At the march, a group of high-school girls in Madrid’s Puerta del Sol square posed for selfies. For most of them, it was their first protest. When I asked if they had followed the wolf pack case, a 15-year-old with purple lipstick and glitter smeared across her face answered quickly, “That’s why we’re here. If they touch one of us, they touch all of us,” repeating a popular slogan.
In recent months, with the general election looming, politicians have seemed increasingly desperate to win over female voters, presenting the occasionally comic spectacle of male politicians fighting over who is the best feminist. (None of the major parties are fronted by women.) Pablo Iglesias, the leader of Podemos, joked in an interview that “feminist men are better in bed,” and when his party entered a coalition for the elections, they adopted the name, “Unidas Podemos” (United we can), using the feminine form of the adjective (unidas rather than unidos) in a nod at inclusive language. (Iglesias also publicly apologised for a text he had written about a female journalist a few years back – and which was leaked – in which he said that he would “whip [her] till she bled.”)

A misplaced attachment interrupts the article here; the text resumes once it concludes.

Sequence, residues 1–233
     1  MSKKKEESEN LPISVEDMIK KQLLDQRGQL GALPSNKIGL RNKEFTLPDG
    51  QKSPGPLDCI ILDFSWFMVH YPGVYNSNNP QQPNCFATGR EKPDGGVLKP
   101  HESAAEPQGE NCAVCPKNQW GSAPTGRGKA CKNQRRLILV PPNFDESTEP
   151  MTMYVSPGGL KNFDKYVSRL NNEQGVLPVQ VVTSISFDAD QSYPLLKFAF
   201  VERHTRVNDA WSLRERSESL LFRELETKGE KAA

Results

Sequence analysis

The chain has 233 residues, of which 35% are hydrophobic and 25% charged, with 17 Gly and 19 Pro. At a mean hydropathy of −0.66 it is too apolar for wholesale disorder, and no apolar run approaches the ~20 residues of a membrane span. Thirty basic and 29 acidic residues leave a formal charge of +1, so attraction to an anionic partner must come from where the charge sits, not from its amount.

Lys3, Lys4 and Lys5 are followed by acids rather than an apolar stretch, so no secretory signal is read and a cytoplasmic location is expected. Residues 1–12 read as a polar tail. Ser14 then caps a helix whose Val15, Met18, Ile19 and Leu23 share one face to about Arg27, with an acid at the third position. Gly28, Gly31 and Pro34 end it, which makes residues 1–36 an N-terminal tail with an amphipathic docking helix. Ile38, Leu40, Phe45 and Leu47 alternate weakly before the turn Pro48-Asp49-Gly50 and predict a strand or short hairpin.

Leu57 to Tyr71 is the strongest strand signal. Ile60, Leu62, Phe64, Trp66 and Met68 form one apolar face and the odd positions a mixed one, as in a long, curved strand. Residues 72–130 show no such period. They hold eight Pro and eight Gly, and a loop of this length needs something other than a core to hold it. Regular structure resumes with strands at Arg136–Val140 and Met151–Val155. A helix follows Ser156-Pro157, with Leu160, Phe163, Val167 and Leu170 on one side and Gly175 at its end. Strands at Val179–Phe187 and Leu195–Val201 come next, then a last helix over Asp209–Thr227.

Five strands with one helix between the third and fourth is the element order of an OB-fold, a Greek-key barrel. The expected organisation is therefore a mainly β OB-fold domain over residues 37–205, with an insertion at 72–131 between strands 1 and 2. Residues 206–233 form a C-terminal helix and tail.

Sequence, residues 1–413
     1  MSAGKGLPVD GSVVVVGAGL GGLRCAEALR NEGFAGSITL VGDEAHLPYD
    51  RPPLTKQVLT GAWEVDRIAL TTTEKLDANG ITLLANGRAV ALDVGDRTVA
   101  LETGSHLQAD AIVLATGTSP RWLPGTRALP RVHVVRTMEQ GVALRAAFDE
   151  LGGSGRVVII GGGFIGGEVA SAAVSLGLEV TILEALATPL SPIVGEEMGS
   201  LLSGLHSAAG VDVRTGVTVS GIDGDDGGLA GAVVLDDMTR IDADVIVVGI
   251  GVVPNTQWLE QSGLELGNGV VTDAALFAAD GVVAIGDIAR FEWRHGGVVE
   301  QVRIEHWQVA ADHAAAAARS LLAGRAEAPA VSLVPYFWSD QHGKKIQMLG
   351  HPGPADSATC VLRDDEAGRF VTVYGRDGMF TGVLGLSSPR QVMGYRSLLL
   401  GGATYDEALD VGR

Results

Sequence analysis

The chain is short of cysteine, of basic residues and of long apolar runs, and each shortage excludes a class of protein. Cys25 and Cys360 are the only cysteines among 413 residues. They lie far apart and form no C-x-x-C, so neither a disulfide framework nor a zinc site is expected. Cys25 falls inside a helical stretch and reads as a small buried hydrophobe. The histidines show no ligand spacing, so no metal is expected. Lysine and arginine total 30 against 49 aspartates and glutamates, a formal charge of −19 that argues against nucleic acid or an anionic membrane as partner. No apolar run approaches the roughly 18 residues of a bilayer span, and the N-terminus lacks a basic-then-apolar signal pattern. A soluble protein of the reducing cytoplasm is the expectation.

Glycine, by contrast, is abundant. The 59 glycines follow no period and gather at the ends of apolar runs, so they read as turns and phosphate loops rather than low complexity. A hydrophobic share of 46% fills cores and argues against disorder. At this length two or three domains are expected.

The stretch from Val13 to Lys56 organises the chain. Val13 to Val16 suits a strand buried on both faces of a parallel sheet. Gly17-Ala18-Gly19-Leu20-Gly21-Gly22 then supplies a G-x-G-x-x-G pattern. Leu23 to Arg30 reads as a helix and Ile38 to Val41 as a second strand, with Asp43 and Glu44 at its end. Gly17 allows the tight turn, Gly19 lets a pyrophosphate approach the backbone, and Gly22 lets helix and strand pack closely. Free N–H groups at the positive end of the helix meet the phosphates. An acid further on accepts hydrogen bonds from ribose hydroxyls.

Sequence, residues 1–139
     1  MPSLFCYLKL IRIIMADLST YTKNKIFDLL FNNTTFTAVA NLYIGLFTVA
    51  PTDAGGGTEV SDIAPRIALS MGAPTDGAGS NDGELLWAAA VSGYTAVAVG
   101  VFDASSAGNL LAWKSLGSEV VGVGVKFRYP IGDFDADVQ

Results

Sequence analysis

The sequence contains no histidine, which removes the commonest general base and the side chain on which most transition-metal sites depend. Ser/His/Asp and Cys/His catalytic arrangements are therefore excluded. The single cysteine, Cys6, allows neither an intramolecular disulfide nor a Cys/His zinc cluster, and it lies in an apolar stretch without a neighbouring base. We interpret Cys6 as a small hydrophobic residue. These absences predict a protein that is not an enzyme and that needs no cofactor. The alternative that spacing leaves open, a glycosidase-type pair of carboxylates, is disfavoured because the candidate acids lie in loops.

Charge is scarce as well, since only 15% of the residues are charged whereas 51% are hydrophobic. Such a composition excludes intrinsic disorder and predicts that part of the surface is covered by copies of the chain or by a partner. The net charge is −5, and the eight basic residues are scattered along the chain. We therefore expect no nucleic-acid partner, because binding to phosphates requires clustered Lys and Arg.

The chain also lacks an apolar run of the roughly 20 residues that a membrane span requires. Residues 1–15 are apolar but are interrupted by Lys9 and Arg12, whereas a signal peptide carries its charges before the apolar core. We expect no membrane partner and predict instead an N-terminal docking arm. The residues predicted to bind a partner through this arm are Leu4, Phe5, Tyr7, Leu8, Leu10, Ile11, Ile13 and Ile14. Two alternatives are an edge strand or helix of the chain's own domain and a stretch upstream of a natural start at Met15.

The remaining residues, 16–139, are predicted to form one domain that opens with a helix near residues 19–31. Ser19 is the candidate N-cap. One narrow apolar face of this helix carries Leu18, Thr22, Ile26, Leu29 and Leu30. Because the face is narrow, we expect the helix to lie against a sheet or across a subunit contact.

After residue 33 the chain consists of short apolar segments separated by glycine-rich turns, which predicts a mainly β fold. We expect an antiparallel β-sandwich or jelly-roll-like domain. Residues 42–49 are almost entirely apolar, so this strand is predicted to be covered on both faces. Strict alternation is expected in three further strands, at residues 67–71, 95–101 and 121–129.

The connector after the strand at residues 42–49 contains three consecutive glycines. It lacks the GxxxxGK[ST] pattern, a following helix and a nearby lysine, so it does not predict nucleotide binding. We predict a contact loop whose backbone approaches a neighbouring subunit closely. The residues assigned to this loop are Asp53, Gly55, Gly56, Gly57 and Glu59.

Meanwhile, before IWD, Pedro Sanchez’s entire Socialist cabinet changed their Twitter profile pictures to a purple icon bearing the phrase “It’s women’s time”, and launched a hashtag that translates as “the Spain you want is feminist”. Even parties on the right joined in: Ciudadanos brought out its own “liberal feminism” manifesto, prompting many feminists to roll their eyes. “If Ciudadanos is talking about feminism, a word they used to denigrate, that’s a victory for the feminist movement,” Cadenas said. “The problem is that they’re talking about feminism a week before [IWD].” Vox, meanwhile, is banking on the backlash.
Today the members of the wolf pack are all home in Seville, on bail. Four of them await trial for the other case that came out of the Pamplona investigation. Alfonso Jesús Cabezuelo was expelled from the army. Antonio Manuel Guerrero retained his position in the Civil Guard police corps, but is no longer active. Jesús Escudero was laid off from his hairdressing job. Ángel Boza and José Ángel Prenda were unemployed before the case, and remain so. They all live with their parents.
The victim has broken her silence only once, in a letter she sent to a local television station. She beseeched the public to report sexual crimes. “Tell a friend, a family member, the police, in a tweet, however you want, but tell your story,” she wrote. “Don’t stay silent, because if you do, you’ll let them win.”
This article originally appeared in The Guardian.